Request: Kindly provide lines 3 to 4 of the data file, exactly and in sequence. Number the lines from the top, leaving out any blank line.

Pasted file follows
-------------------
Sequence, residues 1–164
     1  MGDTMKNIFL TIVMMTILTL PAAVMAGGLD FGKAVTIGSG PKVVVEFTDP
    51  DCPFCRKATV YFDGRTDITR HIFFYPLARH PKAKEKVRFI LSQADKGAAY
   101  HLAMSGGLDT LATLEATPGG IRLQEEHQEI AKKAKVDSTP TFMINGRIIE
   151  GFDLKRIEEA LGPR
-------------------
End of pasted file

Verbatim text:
    51  DCPFCRKATV YFDGRTDITR HIFFYPLARH PKAKEKVRFI LSQADKGAAY
   101  HLAMSGGLDT LATLEATPGG IRLQEEHQEI AKKAKVDSTP TFMINGRIIE